We’re all familiar with some of those iconic advertising slogans – Just Do It (Nike, of course), Because You’re Worth It (L’Oreal), Is She or Isn’t She? (you have to be my age for that one – Harmony hairspray).
They capture the essence of a brand, its positioning and its USP in just a few simple words. For me, that’s the ‘glitzy’ end of copywriting – an intense, creative world that must be both stressful and exhilarating in equal measure – the Hollywood of copywriting.
As we know, many of our best adverts come from a copywriter-designer partnership. Whilst I can only aspire to these dizzying heights, I am nevertheless a firm believer in the importance of copy and visuals working hand in hand, always. I think most people would agree that if you want to create an engaging, impactful piece of communication, you need to ensure that it is not only the content that engages, but the visual expression of that content.
It’s also true that a dense block of copy might be riveting, but getting the reader to engage long enough to read it all might just prove too much. So the environment in which copy sits is just as important as the words themselves.
Writing in situ
As a copywriter with a 19-year background in the design industry, I try to write ‘in situ’, visualising how the copy will sit on the page, alongside any visual elements. Maybe all copywriters do the same – I don’t know – but for me, it’s about the copy and visuals working together to create something which is greater than the sum of their individual parts.
It’s the reason we embolden phrases or pull them out for effect. When I’m working on a printed book, I’ll think in spreads rather than Word document pages. Sometimes it might be necessary to treat copy as a graphic, creating a visual treatment for a word, phrase or number, and thinking of the key elements of the copy in this way can be truly impactful.
Working with graphic designers can be challenging and sadly, some designers don’t always like to see copy presented in a visual format, as though I’m treading on their rather trendy trainers. Too many times I have received a brief for 100 words of copy to go in a particular space on a printed or web page.
This misses a trick for two creative minds, with different skill sets and perspectives, to work together on a communication challenge and come up with a solution that neither might have arrived at if working solo. I always ask to be briefed alongside the designers and sometimes a creative concept will come out of the joint copy-design conversations that ensue.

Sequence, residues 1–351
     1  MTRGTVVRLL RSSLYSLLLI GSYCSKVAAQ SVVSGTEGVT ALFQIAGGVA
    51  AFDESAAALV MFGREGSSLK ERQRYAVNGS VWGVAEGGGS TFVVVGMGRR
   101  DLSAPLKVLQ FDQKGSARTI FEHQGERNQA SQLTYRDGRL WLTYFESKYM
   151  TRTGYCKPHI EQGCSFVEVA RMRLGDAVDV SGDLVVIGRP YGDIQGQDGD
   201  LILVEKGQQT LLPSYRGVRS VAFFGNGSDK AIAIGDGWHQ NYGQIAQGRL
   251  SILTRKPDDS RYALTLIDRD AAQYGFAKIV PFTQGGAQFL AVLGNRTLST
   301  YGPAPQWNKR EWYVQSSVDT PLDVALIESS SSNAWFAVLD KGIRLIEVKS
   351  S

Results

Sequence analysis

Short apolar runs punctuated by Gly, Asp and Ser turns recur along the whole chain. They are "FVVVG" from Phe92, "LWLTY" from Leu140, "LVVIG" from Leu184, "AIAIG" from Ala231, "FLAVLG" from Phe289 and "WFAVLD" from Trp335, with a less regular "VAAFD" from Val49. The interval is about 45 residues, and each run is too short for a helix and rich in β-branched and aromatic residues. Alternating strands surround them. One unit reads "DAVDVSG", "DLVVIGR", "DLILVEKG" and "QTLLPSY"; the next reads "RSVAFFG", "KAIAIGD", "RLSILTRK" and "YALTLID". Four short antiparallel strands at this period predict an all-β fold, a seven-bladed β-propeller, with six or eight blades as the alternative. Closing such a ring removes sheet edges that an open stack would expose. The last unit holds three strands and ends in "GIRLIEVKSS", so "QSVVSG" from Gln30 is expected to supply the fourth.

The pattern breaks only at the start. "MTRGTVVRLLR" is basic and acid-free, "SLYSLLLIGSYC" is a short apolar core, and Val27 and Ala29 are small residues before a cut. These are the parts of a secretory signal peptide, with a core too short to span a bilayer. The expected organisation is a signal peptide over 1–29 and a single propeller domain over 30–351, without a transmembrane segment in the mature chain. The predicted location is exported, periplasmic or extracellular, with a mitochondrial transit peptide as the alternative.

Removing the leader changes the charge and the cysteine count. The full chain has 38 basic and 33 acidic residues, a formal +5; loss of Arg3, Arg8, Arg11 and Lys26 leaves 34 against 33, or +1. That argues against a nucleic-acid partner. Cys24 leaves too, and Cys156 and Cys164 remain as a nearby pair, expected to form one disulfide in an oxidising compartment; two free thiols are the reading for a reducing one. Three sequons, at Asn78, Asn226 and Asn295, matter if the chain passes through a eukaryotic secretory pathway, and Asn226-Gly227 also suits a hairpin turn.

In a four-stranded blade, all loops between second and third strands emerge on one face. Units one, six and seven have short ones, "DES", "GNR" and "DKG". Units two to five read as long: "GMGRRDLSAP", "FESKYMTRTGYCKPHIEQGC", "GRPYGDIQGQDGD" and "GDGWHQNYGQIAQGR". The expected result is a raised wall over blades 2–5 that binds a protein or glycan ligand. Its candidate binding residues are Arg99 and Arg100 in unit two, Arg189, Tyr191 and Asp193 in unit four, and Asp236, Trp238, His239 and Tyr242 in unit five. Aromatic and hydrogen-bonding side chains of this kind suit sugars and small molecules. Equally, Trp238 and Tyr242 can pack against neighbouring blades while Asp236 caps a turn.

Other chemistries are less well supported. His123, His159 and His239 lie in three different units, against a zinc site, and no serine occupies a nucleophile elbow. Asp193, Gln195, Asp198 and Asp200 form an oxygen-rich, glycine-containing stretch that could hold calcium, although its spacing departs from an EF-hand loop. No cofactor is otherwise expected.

Think about the importance of pace and breathing space to a graphic designer. Now think about dialogue and conversation when we deliver a message using pace and space subconsciously, to great effect. They’re just as important in the written word too. Working with a designer can take this beyond what is possible with sentence length and word trickery.
Giving over a page to just one small word in the centre might just solicit the response you’re looking for, much like the pin-drop in a crowded room. And conversely, a densely packed page with a slightly-too-large font and condensed leading can give the illusion of a deafening level of conversation in that same crowded room.
A picture (sometimes) paints a thousand words
Finally, working with a designer means that you have more tools in the toolbox. A picture really can paint a thousand words (in a lot less space) so if the brief is about communication, then we should use all the tools at our disposal and think of them as a holistic toolbox and not undertake them as individual, sequential activities.
A well-designed chart shouldn’t need a wordy explanation, just as graphic icons can be used as shorthand for what would otherwise be complicated and lengthy descriptions. Sometimes a picture just does the job better.
Maybe I’m preaching to the converted. Maybe all copywriters work in this way – I’d love to know. I’d like to think I write better copy when I’m working alongside other creatives, and it’s certainly a more exciting process.